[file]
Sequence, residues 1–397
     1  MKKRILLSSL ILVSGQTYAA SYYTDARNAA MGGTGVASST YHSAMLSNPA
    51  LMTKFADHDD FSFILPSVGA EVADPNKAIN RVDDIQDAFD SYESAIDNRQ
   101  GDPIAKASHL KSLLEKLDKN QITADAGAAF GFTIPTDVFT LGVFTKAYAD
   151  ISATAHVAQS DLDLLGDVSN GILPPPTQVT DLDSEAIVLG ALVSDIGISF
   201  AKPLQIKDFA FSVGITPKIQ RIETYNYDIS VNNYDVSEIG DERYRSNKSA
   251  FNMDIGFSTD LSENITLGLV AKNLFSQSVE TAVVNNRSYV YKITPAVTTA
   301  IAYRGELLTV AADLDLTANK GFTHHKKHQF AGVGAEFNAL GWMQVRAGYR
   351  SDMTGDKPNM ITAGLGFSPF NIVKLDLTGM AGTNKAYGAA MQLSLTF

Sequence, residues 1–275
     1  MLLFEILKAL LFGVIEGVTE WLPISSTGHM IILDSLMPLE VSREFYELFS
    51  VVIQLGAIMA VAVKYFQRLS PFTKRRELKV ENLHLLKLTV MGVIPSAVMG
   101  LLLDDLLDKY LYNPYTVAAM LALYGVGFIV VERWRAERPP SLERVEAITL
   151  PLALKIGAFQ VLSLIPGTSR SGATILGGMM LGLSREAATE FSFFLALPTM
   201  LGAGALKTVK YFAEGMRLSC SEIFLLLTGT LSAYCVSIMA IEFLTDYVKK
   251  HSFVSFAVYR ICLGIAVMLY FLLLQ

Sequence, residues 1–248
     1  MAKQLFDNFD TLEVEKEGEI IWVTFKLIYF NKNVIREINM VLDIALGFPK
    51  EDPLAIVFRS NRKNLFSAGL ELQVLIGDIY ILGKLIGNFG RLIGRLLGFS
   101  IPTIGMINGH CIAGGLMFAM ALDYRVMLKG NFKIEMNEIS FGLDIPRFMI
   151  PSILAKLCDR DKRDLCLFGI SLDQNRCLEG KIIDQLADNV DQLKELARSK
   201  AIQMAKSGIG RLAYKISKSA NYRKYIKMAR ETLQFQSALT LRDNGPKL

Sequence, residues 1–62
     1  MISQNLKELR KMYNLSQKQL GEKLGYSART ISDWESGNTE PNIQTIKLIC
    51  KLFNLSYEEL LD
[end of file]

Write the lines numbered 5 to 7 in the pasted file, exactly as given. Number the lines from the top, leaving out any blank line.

   151  ISATAHVAQS DLDLLGDVSN GILPPPTQVT DLDSEAIVLG ALVSDIGISF
   201  AKPLQIKDFA FSVGITPKIQ RIETYNYDIS VNNYDVSEIG DERYRSNKSA
   251  FNMDIGFSTD LSENITLGLV AKNLFSQSVE TAVVNNRSYV YKITPAVTTA